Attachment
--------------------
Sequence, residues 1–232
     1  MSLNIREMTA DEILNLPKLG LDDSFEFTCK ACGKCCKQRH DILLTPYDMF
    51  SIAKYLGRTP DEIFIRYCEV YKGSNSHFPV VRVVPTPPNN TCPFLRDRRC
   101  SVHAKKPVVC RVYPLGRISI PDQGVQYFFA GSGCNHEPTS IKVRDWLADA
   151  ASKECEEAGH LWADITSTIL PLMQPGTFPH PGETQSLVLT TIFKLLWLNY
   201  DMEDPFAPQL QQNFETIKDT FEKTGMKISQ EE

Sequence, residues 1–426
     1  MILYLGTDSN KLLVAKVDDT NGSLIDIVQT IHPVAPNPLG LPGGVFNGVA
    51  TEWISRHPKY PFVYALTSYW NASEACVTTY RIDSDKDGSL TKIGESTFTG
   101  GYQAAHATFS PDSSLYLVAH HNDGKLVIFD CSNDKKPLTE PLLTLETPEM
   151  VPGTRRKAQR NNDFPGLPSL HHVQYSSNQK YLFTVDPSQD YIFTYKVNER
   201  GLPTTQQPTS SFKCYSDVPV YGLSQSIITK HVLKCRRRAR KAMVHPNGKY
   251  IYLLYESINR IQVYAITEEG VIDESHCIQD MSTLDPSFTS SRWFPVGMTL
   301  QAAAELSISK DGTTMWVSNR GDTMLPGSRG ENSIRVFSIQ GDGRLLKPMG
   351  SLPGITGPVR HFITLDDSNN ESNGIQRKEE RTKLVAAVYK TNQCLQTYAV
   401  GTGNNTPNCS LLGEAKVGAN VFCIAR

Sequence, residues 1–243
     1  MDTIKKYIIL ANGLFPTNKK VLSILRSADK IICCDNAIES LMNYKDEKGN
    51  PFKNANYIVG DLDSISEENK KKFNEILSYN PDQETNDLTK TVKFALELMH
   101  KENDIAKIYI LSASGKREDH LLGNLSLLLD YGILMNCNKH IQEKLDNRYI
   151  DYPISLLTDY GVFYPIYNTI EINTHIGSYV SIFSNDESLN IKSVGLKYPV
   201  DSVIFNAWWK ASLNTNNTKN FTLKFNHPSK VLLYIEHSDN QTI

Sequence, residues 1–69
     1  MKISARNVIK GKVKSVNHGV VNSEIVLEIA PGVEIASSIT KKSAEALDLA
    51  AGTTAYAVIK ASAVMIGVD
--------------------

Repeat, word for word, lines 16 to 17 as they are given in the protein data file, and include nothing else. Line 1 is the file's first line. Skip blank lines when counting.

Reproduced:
   401  GTGNNTPNCS LLGEAKVGAN VFCIAR

Sequence, residues 1–243